Supernova 1987a Feature Summary

Type:
From Physics Research
Title:
Supernova 1987a
Description:
Here is a before-and-after view of a part of the sky where a supernova appeared in 1987. A supernova is a catastrophic explosion in a large star. Two hours before this supernova was seen through telescopes, it was announced by a spike in the count of neutrinos in several detectors on Earth. The arrow points to the star before it exploded.

Neutrinos are tiny, uncharged, nearly-massless particles that travel at almost the speed of light. A supernova produces a vast number of neutrinos; in fact, most of the energy of a supernova is given off in neutrinos. To learn more about neutrinos, see Physics at Home and Worth a Look just below.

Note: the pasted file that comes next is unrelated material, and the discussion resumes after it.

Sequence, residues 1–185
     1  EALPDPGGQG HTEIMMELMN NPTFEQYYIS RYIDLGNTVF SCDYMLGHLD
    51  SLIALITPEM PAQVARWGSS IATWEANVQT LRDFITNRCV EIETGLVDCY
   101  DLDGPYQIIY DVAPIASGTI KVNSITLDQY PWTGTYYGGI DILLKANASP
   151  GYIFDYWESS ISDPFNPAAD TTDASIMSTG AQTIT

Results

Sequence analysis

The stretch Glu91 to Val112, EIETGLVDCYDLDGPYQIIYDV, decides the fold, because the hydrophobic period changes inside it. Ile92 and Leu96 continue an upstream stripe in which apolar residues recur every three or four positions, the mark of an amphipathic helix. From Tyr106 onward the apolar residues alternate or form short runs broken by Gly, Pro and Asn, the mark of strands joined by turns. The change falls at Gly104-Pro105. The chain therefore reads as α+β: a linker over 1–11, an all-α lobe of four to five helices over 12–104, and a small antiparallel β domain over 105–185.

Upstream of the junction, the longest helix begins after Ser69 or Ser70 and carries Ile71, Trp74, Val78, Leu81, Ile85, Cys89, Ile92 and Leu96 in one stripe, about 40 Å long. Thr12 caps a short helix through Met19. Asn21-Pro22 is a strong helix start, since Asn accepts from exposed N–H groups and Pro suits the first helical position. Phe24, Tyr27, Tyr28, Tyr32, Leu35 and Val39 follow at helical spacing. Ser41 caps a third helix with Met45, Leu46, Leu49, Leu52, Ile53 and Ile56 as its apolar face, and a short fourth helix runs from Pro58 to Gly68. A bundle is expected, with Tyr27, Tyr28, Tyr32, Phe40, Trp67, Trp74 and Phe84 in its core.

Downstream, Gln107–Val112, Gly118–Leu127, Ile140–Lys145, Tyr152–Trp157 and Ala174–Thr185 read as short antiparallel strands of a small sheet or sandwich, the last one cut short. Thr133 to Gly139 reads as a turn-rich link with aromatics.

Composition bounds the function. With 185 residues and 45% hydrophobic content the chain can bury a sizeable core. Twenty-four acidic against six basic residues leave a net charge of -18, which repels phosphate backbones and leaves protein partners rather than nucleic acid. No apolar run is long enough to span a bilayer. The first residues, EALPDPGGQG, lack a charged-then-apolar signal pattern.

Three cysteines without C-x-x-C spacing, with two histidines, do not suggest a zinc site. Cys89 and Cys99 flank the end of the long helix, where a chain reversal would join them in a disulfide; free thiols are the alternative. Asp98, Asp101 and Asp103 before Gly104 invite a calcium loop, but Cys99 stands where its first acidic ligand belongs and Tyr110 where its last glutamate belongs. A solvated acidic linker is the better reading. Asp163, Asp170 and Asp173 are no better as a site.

To learn about Supernova 1987a, visit Hyperphysics and Physics Central, and for much more detail see AAVSO.
Image:
image © Australian Astronomical Observatory, photograph by David Malin; <a href="http://www.aao.gov.au/images/captions/aat050.html" target="_blank">image source</a>; <a href="http://www.compadre.org/informal/images/features/supernova 1987a-large.jpg" target="_blank">larger image</a>
image © Australian Astronomical Observatory, photograph by David Malin; image source; larger image
Image URL:
http://www.compadre.org/Informal/images/features/supernova 1987a-large.jpg
Featured:
June 1, 2013 - June 16, 2013